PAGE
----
The long-considered West Main Streetscaping project, which has ballooned to an estimated $50 to 54 million, has gone from being in limbo earlier this year to being something officials are likely no longer willing to spend money on. Yes, it’s a lot of money, but it’s also sad, as streetscaping projects can have a transformative effect on our urban surroundings. For instance, I have always found it fascinating that the walking distance from Ridge/McIntire to the end of the DTM is the same as the walking distance from Ridge/McIntire to the Drewery J. Brown Bridge. Yet walking the mall feels like a casual stroll while walking that section of West Main feels like a trek.
The late UVA architecture professor Bill Lucy told me it was an optical illusion. Because the buildings on the DTM are so close together, the staggered arrangement of trees, the wide bricked walkway, and other design elements, a walk down the DTM feels shorter than it actually is.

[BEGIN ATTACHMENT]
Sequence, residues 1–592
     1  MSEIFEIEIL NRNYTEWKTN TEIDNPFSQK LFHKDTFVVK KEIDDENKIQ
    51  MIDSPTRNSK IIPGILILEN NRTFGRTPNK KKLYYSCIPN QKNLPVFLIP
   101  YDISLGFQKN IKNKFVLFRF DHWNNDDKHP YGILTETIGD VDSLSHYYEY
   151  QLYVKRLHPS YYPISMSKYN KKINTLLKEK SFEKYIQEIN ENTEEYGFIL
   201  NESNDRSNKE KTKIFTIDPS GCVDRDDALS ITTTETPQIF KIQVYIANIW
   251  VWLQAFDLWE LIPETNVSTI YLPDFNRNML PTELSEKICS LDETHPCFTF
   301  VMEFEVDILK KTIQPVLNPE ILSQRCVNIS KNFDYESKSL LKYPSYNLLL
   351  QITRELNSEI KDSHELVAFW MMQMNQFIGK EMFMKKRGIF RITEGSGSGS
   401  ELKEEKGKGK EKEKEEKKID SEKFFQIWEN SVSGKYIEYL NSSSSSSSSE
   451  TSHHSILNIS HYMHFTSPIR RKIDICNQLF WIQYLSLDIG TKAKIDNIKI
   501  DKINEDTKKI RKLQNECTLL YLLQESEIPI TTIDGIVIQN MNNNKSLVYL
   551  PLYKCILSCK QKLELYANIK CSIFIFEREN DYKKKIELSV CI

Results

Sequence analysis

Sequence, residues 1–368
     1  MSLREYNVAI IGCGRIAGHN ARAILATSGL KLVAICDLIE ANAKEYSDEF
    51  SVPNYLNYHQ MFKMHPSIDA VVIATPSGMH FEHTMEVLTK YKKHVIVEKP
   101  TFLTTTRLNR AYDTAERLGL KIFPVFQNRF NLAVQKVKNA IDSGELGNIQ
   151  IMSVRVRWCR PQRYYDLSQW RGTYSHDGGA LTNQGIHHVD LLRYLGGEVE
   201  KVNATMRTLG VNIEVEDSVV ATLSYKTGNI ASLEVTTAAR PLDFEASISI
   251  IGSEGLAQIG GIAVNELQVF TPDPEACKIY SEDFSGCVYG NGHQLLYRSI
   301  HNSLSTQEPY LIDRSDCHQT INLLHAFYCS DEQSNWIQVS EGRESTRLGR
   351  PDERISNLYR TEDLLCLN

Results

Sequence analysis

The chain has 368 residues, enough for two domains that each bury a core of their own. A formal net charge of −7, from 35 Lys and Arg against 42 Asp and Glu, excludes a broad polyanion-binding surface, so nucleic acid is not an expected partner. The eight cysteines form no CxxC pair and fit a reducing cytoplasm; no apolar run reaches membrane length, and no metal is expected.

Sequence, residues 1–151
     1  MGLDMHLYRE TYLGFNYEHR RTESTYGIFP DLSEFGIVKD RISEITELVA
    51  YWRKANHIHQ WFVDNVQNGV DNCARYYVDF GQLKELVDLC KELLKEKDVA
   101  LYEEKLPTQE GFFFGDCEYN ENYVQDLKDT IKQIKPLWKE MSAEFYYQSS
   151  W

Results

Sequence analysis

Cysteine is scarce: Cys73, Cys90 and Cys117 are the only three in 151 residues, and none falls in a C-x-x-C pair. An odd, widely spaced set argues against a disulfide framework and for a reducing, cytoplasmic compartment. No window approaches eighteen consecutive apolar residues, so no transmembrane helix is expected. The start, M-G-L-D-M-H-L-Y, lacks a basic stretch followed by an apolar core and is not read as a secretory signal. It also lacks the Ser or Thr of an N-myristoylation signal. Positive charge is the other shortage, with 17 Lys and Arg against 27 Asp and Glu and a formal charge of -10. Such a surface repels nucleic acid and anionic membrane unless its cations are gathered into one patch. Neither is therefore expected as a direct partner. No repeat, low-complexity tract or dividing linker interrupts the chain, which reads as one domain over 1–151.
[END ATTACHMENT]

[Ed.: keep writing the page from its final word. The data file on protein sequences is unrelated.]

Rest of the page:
Likewise, Preston Avenue from McIntire Road to the Dairy Market building isn't that much longer, but bad design elements - big trees in the median, narrow, treeless sidewalks not buffered from the street by either a planting strip or parked cars - make it a desolate urban walking trek.
Quote of the Week
“There have been times where I’ve found the police to be very helpful, [and] there have been times when things have gone horribly wrong. But I feel like when I’m in a crisis, I shouldn’t have to play Russian roulette with how they are going to show up.” - mental health advocate Myra Anderson on law enforcement's role in responding to mental health calls for service. You can also read more about this subject from The DTM.
A Family Business
C-Ville Weekly has a story about Matt Long's Charlottesville Cannabis Club on the Downtown Mall, along with a reprise of an even better story about his dad, Allen Long, that appeared in the very first issue of The Hook. "In the 1970s, Charlottesville native and Western Albemarle High School graduate Allen Long smuggled a million pounds of pot into the country. Allen flew rickety planes into the Colombian brush to pick up product. He nearly found himself on the wrong end of a Cuban-American smuggler’s gun. He made $25 million. He was the subject of a 2002 bestselling book, Smokescreen: A True Adventure, by Robert Sabbag."